Our Lord was tempted by the Devil, who even tried to trick Him by quoting Bible verses. But Jesus knew what was truly right, and resisted.
We are unlikely to have a face-to-face encounter with Satan. “But the serpent was the most subtle of all the creatures God had made.” What the Devil began, the World continues. Just as the serpent questioned whether God had forbidden eating the fruit, so the world around us today questions whether our Catholic values are the right ones.
How can we know right from wrong? We might say it’s because of our conscience, and that’s partly true, but how does your conscience know the difference between right and wrong? We have a duty to train our consciences to know what God has said through the words of the Bible and the teaching of the Church.
Before Lent began, I preached about the challenge to tackle those temptations we know we have but don’t want to face up to. Today I want to talk about something different – about our hidden faults. There are things that we don’t recognise as sins because we don’t know the Church’s teaching well enough – or because we aren’t willing to recognise the Church’s teaching as correct.
When the world around us agrees with our Catholic values, that’s a mixed blessing. If we agree that a particular action is sinful, that make it shameful. The sense of shame deters some people from committing that sin, but at the same time it means that other people who did commit that sin might feel too ashamed to come to confession and make a fresh start. On the other hand, when society disagrees that something should be shameful, the church finds itself having to encourage us to swim the other way against the tide of people’s opinions.
The thing is, it’s not up to us to make the rules – that’s the point of the story of the tree of the knowledge of good and evil. It doesn’t make a lot of sense if you say the Eden story is about knowledge. After all, if Adam and Eve didn’t know the difference between right and wrong, how could they avoid sinning? But St John Paul II gave us a deeper way of reading the story. He explained it’s not about knowing the difference, but about who gets to decide what’s right or wrong. We human beings sometimes want to say that something is OK when God’s already said that it’s not OK.
For those of us who have responsibility as employers or managers, this Lent might be an opportunity to look at how we treat our staff. Do we treat our employees in the way we would want to be treated in their place? Maybe you’ve never stopped to see it from that point of view before, but that’s what the gospel requires. This is the heart of what is known as Catholic Social Teaching – which brings the call to “love one another” into the workplace and to wider society.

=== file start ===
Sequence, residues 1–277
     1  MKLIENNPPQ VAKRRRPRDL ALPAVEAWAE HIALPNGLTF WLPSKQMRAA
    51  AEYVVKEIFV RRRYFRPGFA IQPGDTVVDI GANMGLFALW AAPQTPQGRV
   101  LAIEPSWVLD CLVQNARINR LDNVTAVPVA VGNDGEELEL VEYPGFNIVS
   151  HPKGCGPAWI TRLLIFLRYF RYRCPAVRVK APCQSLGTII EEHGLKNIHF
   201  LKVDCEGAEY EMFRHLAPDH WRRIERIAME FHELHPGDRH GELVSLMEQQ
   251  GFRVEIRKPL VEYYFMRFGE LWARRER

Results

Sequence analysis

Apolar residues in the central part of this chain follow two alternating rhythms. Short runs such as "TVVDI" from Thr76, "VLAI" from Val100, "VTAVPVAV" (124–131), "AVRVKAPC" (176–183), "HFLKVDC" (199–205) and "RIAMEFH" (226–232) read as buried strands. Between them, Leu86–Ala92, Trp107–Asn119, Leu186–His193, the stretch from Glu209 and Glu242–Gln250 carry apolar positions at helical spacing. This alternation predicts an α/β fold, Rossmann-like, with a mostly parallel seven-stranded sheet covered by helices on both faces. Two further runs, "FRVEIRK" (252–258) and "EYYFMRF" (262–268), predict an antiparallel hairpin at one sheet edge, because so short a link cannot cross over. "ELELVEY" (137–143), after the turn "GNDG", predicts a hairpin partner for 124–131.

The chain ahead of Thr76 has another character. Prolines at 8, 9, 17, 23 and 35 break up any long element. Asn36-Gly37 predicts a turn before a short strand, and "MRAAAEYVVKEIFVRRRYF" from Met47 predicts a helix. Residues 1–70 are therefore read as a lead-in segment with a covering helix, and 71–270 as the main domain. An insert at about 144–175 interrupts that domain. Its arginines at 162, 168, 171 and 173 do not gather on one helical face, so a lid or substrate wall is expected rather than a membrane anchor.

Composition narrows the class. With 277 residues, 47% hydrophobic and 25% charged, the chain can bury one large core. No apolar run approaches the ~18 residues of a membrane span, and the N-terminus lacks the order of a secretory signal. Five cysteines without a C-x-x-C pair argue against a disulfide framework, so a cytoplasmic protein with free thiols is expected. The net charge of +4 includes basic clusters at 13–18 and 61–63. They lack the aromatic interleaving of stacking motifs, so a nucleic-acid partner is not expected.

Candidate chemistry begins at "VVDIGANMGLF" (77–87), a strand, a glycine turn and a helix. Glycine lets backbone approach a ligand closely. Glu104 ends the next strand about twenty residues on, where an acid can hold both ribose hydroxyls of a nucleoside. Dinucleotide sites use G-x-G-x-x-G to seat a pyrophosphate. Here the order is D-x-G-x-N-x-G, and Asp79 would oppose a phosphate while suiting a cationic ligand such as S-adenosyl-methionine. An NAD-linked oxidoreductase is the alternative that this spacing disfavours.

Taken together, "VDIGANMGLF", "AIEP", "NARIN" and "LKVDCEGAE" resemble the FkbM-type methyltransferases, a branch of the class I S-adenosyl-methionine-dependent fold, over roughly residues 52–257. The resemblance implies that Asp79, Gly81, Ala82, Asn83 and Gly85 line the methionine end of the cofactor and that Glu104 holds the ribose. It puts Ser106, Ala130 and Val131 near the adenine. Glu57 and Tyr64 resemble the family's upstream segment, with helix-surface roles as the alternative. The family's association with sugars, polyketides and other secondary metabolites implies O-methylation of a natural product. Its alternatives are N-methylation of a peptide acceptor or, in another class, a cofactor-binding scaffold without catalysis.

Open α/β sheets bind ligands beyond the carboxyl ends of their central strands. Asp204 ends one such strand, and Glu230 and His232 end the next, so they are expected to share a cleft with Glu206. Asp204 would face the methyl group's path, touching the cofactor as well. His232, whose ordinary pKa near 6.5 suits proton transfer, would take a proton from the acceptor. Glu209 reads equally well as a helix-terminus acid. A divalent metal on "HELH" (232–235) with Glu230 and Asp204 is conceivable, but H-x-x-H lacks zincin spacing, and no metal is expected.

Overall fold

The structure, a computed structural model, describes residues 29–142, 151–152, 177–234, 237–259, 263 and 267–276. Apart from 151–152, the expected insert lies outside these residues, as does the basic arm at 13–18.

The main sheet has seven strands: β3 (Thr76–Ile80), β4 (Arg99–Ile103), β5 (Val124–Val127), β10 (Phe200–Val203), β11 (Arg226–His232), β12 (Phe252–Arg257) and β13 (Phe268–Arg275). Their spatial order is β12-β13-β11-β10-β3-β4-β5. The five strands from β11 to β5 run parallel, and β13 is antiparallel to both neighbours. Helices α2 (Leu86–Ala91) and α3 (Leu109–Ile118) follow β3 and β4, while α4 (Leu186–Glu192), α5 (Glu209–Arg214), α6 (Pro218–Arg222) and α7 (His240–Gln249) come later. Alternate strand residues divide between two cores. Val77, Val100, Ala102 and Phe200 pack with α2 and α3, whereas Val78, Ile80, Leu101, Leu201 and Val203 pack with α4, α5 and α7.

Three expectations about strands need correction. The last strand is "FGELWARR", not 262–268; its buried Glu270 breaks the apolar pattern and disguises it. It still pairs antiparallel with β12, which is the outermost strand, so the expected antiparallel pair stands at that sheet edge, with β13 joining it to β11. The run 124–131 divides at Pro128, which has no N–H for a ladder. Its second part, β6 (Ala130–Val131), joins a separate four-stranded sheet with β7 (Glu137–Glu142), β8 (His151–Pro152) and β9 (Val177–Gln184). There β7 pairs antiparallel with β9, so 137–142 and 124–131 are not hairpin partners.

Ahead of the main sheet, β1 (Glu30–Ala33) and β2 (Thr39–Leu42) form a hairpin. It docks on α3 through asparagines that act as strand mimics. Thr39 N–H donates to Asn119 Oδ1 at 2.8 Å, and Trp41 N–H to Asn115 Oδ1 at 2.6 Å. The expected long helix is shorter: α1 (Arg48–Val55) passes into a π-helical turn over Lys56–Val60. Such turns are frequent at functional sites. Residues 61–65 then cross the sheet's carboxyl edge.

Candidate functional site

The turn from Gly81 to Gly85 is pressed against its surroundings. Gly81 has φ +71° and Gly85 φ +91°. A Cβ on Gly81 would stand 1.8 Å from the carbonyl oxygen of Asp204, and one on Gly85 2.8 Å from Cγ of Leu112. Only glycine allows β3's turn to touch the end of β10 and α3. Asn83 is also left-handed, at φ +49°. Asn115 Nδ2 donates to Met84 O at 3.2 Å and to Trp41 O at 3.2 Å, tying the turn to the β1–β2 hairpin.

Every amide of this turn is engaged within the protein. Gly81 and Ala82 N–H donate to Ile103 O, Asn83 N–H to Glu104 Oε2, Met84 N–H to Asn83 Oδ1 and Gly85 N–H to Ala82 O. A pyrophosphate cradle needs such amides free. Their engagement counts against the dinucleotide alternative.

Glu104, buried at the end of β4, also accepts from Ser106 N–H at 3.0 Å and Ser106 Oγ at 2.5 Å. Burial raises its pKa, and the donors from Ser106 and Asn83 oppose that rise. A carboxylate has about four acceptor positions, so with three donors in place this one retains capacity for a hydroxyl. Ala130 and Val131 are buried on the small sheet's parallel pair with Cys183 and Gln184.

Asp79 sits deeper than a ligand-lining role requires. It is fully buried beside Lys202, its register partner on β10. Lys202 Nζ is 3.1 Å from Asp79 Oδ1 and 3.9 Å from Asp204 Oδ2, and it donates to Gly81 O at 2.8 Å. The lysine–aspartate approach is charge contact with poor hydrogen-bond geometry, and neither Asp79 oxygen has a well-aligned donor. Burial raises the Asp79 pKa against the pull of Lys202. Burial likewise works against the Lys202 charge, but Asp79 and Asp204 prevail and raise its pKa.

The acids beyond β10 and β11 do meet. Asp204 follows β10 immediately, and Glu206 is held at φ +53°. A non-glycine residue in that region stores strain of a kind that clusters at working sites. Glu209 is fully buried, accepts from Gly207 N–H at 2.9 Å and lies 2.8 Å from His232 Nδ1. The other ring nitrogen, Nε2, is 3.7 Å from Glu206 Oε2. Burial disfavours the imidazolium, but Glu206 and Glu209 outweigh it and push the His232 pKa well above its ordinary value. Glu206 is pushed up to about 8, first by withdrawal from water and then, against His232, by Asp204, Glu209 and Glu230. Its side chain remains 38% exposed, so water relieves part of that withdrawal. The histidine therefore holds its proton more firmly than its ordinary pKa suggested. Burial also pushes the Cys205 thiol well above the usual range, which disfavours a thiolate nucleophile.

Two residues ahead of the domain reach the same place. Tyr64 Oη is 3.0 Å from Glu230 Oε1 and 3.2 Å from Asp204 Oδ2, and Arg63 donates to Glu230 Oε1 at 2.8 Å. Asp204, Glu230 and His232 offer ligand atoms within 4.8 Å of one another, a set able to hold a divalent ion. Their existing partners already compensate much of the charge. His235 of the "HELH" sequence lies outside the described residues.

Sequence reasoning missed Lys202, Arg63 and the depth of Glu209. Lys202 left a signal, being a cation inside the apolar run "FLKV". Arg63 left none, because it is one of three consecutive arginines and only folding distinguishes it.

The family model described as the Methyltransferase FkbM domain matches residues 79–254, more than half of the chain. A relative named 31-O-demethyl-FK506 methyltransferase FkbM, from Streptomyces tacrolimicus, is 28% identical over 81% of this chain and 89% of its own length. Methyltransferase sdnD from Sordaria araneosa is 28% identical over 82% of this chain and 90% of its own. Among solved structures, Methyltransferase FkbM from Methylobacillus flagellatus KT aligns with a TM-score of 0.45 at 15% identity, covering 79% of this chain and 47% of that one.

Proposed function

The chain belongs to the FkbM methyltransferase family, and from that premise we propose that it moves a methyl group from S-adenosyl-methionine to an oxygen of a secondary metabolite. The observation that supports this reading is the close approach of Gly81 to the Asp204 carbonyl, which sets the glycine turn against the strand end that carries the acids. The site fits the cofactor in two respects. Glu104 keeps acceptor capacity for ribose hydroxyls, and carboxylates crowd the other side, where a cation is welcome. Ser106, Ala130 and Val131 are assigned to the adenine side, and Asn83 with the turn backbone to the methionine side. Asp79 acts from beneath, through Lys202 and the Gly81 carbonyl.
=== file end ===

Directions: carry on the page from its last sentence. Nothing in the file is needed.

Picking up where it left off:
There are many reasons we might feel afraid of immigrants, from questions about whether some might be terrorists, to concerns about whether there would be fewer jobs left for British people. But it’s not OK for us, as followers of Jesus, to withhold good will from strangers, even when it becomes politically acceptable to oppose immigration.
On sexual matters, too, public views have changed. That old serpent whispers into our society that marriage is really about saving up for the big party. That’s not what we believe, as Catholics. What’s really important in Christian marriage is that a man and a woman make a public promise to each other, to God and to us that they will stay together through thick and thin. If you are a real Catholic, you will get married in church before you start a family, even if you can’t afford the wedding of your dreams. By doing that, you prove that God is more important than money, or what your friends think of you. If you think it’s OK to start a family before you’re married, you’ve fallen for the subtle voice of the serpent, which can take something beautiful – love! – and put it in the wrong place. He failed when he tried to tempt Jesus to jump off the Temple. The time for Jesus to ascend from the Earth only came after he vowed himself to his bride, the Church, at the altar of the Cross.
There’s a movie out now called Hidden Figures, telling a story that wasn’t widely know. It’s about how black women mathematicians and engineers helped NASA win the space race. That’s an example of positive cultural change – our Catholic values recognise the equal dignity of workers of all races. Sometimes society changes for the better. But society often changes to say that things are OK when they go against God’s law. We can’t always change the world, but we can always encourage one another to resist the world’s temptations. While the world celebrates hidden figures, this Lent is a time for us to find our hidden faults.
How can we know right from wrong? It’s time for us to go deeper, and ask how God’s Law asks us to behave, in areas we haven’t thought of before or where the world has made us blind. Let’s behave as the saints that God is calling us to be. Let’s change- and BE the good news!